Advice - Lettings
Whether you are letting or renting a property, the property market is constantly changing and the process can often be stressful for those involved. So let us help to guide you through the process.
Why not take a look at some of our handy downloadable advice guides, or watch one of our intelligent advice videos, giving you an overview of the property market.
It was back in November 2016 when the Chancellor announced in his Autumn Statement that certain fees to tenants would be banned. At the time of the announcement, there was a concern that landlords and their agents were over-charging tenants for setting up a tenancy, and there was a belief that this was causing the cost of entering the private rented sector prohibitively high.The tenant fee ban – what do landlords need to know
Two years ago, the Government announced there would be a ban on certain fees which landlords and letting agents charge tenants – and this has been in force since 1st June 2019. Now that the ban on fees is law, there is also a limit to the maximum security deposit that a landlord or letting agent can take – which is capped at five week’s rent. So, just what are the new rules, and how could you be impacted:The tenant fee ban: a guide for tenants
No sooner had Parliament broke for the Easter recess, that The Secretary of State for Housing, Communities and Local Government announced plans to reform the Section 21 eviction process.Is Section 21 reform a welcome change, or a political stunt?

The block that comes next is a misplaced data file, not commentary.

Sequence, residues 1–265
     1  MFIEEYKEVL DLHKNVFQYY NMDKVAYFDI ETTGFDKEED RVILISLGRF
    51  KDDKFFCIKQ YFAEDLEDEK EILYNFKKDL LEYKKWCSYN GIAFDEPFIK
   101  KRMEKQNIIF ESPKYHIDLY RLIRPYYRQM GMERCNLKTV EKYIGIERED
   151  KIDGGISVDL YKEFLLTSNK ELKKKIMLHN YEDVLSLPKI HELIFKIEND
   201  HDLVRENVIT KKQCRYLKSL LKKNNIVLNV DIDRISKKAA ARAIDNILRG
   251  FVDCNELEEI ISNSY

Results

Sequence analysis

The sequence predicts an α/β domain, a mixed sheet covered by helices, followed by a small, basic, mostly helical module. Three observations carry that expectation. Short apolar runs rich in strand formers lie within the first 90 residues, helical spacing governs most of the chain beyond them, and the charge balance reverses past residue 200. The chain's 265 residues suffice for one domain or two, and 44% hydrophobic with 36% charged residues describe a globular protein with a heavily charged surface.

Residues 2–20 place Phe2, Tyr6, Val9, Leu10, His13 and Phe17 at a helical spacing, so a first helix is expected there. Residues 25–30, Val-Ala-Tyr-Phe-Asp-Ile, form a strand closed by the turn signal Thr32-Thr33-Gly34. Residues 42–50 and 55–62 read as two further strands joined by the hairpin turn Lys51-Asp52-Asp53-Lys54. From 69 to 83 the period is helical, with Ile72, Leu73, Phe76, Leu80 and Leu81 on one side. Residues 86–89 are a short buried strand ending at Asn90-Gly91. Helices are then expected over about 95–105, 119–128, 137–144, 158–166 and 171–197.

The famous Benjamin Jackson quote claimed the only things certain in life are death and taxes – and as we’ve only just passed the deadline to file and pay our Self-Assessment tax bills, yet the newest tax year will now start in a little over six weeks’ time, it feels like there really is no avoiding the subject. However, with the ever-changing tax rules impacting landlords, it’s vital you keep up to date.Income Tax - Keeping landlords up to date
According to the latest English Housing Survey, the average age of a first-time buyer now stands at 32 whilst the average age of a first-time parent is now around 28 years old - and so it stands to reason that many tenants today could be looking for a home to raise a family.Why consider investing in family homes
One of the more complex sides to life as a landlord is the subject of Licensing. There is little consistency in the rules across different locations and there are many different schemes to navigate. Meanwhile if landlords fail to comply with complex and ever changing legislation, then they could be fined up to £30,000. We’ve taken a look at the key facts around the two different types of license requirements.Keeping you on the right side of Licensing legislation
Yet again we’ve seen a change in Housing Minister. Following the departure of David Davis as Brexit Secretary, Dominic Raab has left his position as Housing Minister after just six months to take up the Brexit challenge. We can’t help thinking the rapid change in ministers responsible for our sector is not proving effective at truly understanding the issues and opportunities in the property market.More change at the top for housing policy
On 1st April this year, significant changes were introduced to the private rented sector, in a bid to improve the energy efficiency of rented homes. The legislation was proposed in the 2011 Energy Act in response to concerns that in some towns and cities, rental stock is typically older, which could mean that many homes occupied by tenants may not have energy saving features such as cavity wall insulation or double glazing.Minimum Energy Efficiency Standards – what you need to know
The government have enacted a piece of legislation called the Tenant Fees Act. As of 1 June 2019, this new Act will make significant changes to the private rented sector in England (the legislation for Wales is separate and will come into force on 1st September 2019), but what does it say and what impact is it expected to have on landlords and tenants?What is the Tenant Fees Act and what will it mean for lettings?